Who would you be if you could start again?
Title: Me Again
Author: Keith Cronin
Miracles can be damned inconvenient. That’s what thirty-four-year-old stroke victim Jonathan Hooper learns when he wakes up after spending six years in a coma. Everyone calls Jonathan’s recovery a “miracle,” but since nobody had expected him to recover, his sudden awakening becomes an awkward intrusion on the lives of his family and friends. To make matters worse, Jonathan doesn’t even recognize these people. The stroke has wiped away most of Jonathan’s memory, while the coma has withered his body. In short, Jonathan’s not the man he used to be – whoeverthat was.
The only bright spot for Jonathan is Rebecca Chase, a young woman he meets in the hospital’s long-term recovery unit. A stroke has drastically changed her personality, making her a stranger to her husband. Gone is the vivacious trophy wife, replaced by a shy, awkward woman with a knack for saying exactly the wrong thing.
They don’t fit in. And they’ll never be the same. But now they’ve got to decide what matters most: who they were, or who they can become?
A steadily accelerating story exploring the irony, humor, and opportunity that can accompany personal calamity, Me Again follows the intertwined paths of two people forced to start over in life: one looking for his place in a world that has moved on without him, the other struggling to navigate a relationship with a man who wishes she were someone else.
Oddly enough the thing that drew me to this novel was Keith Cronin’s biography. I was truly interested to see what kind of story came from a rock drummer who also happened to provide the title for Water for Elephants. And true to form, this very interesting author has produced a whole hearted, thought- provoking, and well researched novel, which gripped me from the very first sentence. I would recommend reading this book solely based on that opening line, actually.
This charmingly written work of fiction, from which a portion of sales goes to stroke research, so realistically details the recovery journey of a stroke victim, I initially thought it had to be a memoir. I was impressed with Cronin’s writing of the first few days of Jonathan’s wakefulness as he embarks on his second chance at life, which is really the motif upon which this novel is hinged. Coming out of a six year coma, Jonathon quickly realizes he is not the person his family expects him to be, this stroke he has experienced has essentially erased his former self.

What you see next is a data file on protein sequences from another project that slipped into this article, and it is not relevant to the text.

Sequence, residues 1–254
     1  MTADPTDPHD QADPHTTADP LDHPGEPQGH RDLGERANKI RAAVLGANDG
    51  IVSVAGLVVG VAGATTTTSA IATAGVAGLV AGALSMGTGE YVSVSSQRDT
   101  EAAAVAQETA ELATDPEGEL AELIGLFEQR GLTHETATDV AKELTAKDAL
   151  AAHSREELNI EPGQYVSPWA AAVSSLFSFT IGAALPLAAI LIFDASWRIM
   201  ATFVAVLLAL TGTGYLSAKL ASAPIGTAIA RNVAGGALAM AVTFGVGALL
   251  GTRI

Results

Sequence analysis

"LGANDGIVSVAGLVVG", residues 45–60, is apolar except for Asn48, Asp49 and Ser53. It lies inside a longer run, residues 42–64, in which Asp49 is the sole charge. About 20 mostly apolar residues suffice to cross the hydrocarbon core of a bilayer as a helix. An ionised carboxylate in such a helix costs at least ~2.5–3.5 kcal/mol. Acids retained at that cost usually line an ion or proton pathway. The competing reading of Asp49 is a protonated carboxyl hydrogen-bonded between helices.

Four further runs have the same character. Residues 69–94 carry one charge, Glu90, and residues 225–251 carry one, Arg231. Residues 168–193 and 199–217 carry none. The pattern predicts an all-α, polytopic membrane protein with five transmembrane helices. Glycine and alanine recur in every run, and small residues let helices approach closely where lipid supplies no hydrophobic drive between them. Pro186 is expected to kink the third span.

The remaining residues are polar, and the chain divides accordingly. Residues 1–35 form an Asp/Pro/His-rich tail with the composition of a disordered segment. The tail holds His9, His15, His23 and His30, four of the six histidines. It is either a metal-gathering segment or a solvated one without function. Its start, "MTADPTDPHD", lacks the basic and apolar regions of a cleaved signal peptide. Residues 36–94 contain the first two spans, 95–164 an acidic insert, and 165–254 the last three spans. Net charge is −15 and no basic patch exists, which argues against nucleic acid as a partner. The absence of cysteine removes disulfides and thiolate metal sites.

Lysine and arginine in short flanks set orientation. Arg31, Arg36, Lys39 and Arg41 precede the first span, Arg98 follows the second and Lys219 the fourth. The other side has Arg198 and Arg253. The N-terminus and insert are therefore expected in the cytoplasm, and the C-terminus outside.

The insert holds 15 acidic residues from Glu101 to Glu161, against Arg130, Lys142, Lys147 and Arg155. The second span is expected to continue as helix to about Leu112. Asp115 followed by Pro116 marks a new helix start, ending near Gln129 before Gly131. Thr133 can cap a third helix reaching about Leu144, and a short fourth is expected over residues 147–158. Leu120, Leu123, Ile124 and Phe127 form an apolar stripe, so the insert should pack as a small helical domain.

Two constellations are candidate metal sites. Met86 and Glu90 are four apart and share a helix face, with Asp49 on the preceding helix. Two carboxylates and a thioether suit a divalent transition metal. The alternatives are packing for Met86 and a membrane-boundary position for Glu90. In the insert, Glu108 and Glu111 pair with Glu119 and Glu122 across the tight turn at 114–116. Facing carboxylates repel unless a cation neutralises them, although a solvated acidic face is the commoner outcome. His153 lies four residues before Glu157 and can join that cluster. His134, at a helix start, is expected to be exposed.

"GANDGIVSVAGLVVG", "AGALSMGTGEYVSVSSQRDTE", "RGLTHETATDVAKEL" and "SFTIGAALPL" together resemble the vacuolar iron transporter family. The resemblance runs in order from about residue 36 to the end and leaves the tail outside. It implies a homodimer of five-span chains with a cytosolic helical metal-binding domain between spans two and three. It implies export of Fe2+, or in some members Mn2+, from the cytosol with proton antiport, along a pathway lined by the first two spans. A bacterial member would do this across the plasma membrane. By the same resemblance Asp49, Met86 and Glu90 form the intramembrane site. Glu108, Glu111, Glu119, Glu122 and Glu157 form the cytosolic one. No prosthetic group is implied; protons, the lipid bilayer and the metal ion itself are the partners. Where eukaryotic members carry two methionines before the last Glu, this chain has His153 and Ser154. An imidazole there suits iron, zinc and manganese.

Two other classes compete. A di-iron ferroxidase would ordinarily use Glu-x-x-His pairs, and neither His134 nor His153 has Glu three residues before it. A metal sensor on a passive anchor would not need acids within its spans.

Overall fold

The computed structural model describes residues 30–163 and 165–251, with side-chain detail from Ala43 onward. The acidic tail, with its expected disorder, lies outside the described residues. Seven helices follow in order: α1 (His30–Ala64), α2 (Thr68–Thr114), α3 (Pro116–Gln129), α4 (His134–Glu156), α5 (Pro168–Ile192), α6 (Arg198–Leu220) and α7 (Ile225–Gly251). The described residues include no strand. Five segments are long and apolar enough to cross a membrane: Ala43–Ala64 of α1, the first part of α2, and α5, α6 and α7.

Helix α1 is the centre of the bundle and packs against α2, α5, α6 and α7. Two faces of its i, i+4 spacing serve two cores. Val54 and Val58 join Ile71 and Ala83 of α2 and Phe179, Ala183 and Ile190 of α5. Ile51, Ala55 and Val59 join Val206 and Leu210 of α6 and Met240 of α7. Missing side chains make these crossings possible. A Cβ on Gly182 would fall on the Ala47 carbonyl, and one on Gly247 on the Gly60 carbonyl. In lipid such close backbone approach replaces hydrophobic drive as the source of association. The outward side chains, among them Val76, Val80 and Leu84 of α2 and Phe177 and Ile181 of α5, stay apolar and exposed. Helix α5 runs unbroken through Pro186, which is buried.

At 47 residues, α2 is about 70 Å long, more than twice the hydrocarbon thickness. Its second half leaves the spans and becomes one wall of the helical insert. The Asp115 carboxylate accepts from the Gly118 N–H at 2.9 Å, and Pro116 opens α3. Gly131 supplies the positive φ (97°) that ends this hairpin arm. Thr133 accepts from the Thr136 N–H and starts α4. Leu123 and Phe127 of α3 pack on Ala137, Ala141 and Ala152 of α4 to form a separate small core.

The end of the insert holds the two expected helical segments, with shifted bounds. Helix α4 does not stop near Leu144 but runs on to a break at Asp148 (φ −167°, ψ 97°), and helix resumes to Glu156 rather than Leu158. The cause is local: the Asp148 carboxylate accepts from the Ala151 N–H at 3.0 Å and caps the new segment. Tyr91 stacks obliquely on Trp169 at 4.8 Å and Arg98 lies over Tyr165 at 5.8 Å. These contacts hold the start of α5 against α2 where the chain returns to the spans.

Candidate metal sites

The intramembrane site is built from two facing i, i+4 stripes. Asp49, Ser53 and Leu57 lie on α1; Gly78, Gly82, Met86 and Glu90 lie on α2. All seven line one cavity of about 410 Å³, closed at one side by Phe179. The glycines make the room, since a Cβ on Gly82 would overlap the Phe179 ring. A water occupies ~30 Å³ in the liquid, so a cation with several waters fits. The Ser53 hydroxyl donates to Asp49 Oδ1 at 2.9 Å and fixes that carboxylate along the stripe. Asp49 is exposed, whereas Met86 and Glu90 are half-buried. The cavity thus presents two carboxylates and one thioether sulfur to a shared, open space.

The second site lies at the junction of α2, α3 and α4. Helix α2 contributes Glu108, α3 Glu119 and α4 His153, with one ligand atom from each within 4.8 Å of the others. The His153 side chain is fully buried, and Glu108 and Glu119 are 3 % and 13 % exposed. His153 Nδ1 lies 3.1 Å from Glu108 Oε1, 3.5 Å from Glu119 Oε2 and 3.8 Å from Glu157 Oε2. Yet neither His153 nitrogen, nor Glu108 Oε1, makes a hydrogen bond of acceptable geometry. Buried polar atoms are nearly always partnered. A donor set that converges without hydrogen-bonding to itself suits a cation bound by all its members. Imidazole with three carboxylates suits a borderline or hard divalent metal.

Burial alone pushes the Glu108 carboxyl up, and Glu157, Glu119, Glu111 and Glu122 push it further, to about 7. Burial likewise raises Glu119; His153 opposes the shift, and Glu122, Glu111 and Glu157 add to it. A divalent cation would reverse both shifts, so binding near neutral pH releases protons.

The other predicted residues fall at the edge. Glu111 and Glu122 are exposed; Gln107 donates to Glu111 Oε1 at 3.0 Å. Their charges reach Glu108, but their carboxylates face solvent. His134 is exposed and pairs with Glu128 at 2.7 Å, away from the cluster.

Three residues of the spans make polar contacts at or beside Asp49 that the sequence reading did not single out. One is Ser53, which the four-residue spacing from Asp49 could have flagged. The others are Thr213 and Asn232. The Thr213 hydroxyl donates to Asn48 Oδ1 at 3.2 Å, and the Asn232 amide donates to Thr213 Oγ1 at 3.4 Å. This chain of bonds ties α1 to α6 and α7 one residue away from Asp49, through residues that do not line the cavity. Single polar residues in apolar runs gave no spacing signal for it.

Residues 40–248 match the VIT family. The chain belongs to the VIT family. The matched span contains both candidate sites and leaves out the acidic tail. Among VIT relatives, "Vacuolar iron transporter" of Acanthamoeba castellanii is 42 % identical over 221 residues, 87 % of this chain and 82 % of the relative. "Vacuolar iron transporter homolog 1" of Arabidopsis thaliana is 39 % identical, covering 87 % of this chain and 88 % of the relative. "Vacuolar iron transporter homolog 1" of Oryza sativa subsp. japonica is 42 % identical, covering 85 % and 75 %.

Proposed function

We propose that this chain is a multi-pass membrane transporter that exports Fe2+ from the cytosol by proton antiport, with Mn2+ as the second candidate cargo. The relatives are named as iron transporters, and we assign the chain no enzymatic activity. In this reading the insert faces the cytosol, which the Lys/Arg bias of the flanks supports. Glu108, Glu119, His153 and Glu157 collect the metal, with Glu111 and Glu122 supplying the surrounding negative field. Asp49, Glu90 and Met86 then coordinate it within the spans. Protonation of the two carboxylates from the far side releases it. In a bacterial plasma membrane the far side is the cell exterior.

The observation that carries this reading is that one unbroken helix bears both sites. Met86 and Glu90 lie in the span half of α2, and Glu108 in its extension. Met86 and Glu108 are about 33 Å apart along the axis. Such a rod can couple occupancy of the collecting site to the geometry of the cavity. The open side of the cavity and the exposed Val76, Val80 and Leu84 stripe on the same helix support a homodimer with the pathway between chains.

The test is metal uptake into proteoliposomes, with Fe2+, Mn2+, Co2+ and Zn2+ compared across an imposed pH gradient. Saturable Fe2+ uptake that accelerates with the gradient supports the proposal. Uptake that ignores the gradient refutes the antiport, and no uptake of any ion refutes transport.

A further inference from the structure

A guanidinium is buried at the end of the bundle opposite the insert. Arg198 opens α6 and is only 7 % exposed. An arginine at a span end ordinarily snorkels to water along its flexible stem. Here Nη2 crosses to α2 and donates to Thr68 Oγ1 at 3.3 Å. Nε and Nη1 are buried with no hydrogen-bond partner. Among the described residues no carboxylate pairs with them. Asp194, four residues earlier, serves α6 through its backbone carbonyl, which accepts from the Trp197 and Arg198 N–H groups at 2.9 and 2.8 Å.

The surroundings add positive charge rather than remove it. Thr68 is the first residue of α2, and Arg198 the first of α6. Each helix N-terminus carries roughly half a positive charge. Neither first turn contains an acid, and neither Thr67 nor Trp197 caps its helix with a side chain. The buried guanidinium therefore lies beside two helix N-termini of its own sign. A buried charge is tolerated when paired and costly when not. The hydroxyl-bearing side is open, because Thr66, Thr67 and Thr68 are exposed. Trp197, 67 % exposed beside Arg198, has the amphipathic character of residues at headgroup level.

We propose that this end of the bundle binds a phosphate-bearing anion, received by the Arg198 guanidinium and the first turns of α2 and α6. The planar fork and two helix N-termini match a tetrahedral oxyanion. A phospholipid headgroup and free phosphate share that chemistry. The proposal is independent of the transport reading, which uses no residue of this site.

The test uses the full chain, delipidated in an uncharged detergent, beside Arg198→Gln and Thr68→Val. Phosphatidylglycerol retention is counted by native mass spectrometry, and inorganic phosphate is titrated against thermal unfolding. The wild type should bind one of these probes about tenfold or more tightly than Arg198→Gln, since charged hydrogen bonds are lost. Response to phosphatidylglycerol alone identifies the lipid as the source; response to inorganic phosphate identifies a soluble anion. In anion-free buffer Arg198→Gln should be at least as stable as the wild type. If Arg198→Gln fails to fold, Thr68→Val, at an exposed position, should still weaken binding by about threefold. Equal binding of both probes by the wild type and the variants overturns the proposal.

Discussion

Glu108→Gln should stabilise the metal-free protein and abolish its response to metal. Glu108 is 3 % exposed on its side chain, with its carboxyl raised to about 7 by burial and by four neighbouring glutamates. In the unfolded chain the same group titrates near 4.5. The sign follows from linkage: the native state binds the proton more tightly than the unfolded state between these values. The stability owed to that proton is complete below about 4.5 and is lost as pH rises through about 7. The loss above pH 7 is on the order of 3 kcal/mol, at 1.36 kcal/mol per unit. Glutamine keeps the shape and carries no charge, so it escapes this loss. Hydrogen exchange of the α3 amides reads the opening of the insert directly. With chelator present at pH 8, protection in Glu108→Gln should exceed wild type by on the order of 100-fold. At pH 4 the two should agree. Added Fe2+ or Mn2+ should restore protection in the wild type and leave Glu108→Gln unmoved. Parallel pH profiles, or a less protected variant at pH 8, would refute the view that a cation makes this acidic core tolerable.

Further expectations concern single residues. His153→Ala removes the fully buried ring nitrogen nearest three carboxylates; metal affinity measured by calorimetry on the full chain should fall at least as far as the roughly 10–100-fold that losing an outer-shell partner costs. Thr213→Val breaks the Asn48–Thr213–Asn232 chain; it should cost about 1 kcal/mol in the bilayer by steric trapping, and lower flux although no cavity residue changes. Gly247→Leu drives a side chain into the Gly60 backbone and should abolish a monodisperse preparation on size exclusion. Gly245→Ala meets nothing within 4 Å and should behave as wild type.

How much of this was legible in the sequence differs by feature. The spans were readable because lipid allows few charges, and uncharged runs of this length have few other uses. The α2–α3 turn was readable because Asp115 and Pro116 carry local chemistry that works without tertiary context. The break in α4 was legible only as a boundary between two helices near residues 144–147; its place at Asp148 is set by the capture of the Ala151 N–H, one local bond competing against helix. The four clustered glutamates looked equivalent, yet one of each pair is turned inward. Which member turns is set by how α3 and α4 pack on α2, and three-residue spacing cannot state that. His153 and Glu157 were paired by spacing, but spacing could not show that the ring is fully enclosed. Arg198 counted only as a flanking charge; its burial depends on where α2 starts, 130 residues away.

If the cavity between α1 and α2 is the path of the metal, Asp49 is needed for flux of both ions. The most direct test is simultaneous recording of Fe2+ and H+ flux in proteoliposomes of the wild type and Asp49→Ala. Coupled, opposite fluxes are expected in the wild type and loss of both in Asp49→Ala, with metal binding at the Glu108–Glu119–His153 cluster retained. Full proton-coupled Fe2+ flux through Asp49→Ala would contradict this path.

As Jonathan works his way through grueling physiotherapy, he befriends fellow stroke victim Rebecca and they develop a quick friendship based on the fact that their new selves don’t seem to be comfortable trying to step back into their old lives. As they share their frustrations with each other the reader is deftly guided through their moral dilemmas; do they try to slip back into a skin that no longer fits in order to placate their loved ones, or do they accept themselves as they are now and somewhat selfishly move forward on a new path as this new person they have become.
Through these two characters, Cronin presents his readers with an interesting quandary of self-discovery. Who are we really? How much are we, as individuals, defined by our jobs, families and significant others? And how much of our true selves do we get to share with the world? The way these characters paths play out demonstrate how one event, a single fork in the road, can drastically change who we are and how we are perceived by those we love.
Me Again is an excellent read, it has humour, wit, drama, scandal, mystery, a love story and an excellently resolved ending. I thoroughly enjoyed this novel and although the subject matter is completely foreign the underlying message is universal and this novel definitely inspired some introspection.